"BROOKE, you were great. So funny! And I love your dress. But when you get home, for God's sake take those shoes off!"

That was the dynamo Chita Rivera, outside the Plaza Hotel one night last week, talking with the beautiful Brooke Shields after both had made wonderful impressions onstage in the ballroom at the "Living Landmarks" gala.

Brooke, given the new honor by the New York Landmarks Conservancy, was simply divine onstage and her white beaded dress was a stunner. But I wondered myself at the cruel high heels. She said of her honoring, "I thought they must have made a mistake!"

As emcee for this annual fundraiser, I noted that we had never had a spouse introduce a Landmark before, but the able Christopher Henchy did a great job of telling about his New York girl-actress-wife. (Mr. Henchy is a noted comic in private, a producer-writer of Will Ferrell's hit movie last year, "The Campaign.")

But every person made into a "Living Landmark" this year, and that person's introducer -- well, they were impressive and distinguished. And I want to note that people have become succinct in their brief and pointed acceptances. They were Dr. Bob Grossman, the hero of Hurricane Sandy, who saved lives at the NYU Langone Medical Center and school, Mary Wells Lawrence, the advertising queen who broke the glass ceiling with her dashing ads in the '60s and '70s and the I Love New York campaign and William vanden Heuvel, friend of presidents and overseer of the completion of the FDR 4 Freedoms Park on the East River of Manhattan. (He led the audience in an offering of "Happy Days Are Here Again.") There was also the parks expert and historian Ann Buttenwieser, who evoked the "Happy Hooker" in her own success, saying, "Your pleasure is my business!" ... the aforesaid Brooke and our divine honoree, Joel "Oscar and Tony" Grey, who closed the show with his "welcome" song from "Cabaret," sung acapella. (Joel was tellingly introduced by his Broadway admirer Miss Rivera!)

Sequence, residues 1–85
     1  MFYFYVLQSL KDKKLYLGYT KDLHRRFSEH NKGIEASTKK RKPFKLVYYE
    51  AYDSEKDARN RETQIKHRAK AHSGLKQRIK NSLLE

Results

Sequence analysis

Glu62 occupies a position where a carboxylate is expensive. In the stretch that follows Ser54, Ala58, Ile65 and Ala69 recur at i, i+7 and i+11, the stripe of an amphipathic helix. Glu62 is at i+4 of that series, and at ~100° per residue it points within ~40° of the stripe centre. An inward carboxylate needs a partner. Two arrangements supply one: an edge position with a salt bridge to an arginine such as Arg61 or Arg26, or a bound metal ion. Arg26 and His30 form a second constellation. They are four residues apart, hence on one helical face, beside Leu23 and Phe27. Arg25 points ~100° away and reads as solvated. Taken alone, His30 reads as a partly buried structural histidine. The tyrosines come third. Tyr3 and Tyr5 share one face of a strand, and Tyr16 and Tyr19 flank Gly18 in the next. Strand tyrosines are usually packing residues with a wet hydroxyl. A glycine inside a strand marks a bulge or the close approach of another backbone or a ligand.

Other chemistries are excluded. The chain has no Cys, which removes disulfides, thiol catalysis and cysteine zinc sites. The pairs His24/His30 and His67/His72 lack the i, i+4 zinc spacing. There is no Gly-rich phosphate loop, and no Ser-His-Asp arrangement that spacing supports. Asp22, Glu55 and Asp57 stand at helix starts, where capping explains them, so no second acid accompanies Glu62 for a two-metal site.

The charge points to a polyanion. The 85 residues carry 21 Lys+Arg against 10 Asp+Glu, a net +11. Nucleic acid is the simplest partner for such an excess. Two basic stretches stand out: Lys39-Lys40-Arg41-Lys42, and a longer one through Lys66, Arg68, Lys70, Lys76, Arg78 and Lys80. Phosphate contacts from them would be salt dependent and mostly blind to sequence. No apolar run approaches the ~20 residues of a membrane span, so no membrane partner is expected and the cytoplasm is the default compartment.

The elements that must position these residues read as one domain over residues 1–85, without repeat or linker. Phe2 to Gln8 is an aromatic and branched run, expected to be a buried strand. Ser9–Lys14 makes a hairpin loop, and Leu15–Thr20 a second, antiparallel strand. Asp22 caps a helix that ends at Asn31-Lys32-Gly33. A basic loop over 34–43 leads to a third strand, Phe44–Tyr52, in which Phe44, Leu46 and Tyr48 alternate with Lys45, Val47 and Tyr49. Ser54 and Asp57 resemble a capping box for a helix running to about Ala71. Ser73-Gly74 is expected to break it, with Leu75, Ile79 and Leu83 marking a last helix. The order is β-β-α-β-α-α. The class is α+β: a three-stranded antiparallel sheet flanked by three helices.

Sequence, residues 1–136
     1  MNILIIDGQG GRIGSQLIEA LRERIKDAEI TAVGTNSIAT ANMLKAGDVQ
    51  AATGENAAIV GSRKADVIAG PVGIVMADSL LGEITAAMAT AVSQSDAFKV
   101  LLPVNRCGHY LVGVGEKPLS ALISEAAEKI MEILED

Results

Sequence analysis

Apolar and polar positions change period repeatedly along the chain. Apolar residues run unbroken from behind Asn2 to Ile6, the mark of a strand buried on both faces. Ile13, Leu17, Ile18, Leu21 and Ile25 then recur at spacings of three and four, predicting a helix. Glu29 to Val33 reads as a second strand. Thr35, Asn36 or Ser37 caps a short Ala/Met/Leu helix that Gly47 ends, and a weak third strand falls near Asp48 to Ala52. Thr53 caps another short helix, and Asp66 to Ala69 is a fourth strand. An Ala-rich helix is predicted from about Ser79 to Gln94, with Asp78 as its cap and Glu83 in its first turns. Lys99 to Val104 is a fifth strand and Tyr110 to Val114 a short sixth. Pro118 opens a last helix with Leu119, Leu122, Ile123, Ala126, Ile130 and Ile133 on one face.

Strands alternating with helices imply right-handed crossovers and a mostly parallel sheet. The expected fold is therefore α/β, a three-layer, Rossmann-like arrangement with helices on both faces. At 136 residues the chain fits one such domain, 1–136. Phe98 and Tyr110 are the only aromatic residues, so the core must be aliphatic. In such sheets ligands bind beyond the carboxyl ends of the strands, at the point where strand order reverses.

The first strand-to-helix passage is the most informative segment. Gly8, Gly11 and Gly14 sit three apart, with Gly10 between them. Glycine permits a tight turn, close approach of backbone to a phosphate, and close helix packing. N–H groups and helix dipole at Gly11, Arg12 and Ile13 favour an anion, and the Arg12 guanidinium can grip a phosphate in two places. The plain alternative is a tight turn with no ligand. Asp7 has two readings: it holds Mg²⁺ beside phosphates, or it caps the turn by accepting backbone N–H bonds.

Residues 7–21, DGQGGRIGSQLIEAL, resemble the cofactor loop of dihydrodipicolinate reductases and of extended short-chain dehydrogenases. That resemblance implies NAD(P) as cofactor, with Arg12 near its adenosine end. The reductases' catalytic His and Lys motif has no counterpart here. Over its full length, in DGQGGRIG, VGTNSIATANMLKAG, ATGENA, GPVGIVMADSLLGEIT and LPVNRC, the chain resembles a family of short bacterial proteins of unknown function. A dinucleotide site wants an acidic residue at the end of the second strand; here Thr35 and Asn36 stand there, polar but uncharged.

This night brought out many Landmarks from the past and the Empire State Building glowed with Conservancy's red-and-white lights. It was a 20th anniversary for this organization and under the firm hands of Peg Breen and Scott Leurquin, it has just grown better and is more fun. The night raised more than $900,000 to go toward saving New York's great monuments, parks, churches, buildings, etc.

I WANT TO publicly thank the philanthropists Pat and John Rosenwald for playing hosts for this gala. I was able to link them with some fabled Landmarks of the past, as when we honored Laurence and David Rockefeller, and I couldn't think how to encompass all their virtues, so I introduced them as "Party Animals!" They loved it!

The big question now is who will be chosen for "Living Landmark" status in 2014. Maybe you will do something wonderful to earn this.

THE OTHER night, The Discovery Channel ("A Crime to Remember") ran an hour-long dramatization of the infamous Alice Crimmins case. This event rocked New York's boroughs back in the mid-1960s. (Alice, a free-living, beautiful red-headed divorcee was accused of murdering her two young children, reportedly, so as to better lead the swinging lifestyle she preferred.)

This particular episode was only an hour long. It was pretty good, and it certainly brought back memories of one of the most notorious crimes and trials in NYC history. One problem -- the young woman who played Alice, bore a strong, remarkable resemblance to Lindsay Lohan. So much so, I kept thinking, "Did Lindsay sneak a movie in when we weren't looking?" It was distracting!

This "take" on Alice made an excellent case for her innocence. Many people believe Alice was not convicted on the flimsy evidence -- the notorious "woman in the window" who supposedly saw Alice and a male friend from afar, with a suspicious bundle, for instance -- but rather spent 10 years in prison because cops and much of the public were repulsed by her sexy ways. These were the '60s. And, in that backward era, a woman was not allowed freedom or control over her own body.

Watching this, I wondered why a good feature film was never made from this story. It has everything -- sex, mystery, murdered children, aggressive, sexist (and blackmailing) cops. Even if Alice did do it, hers is a cautionary tale. No matter how far women think they've come, even in 2013, they are often negatively judged by what they wear and how they behave.

Now, reality TV shows portray supposedly "strong" women. In fact, these creatures are presented in the most sordid light, encouraging, without reason, bad behavior, coarse language, stupidity, cupidity and sluttish-ness. And, of course, they are often produced by men.

(E-mail Liz Smith at MES3838@aol.com.)

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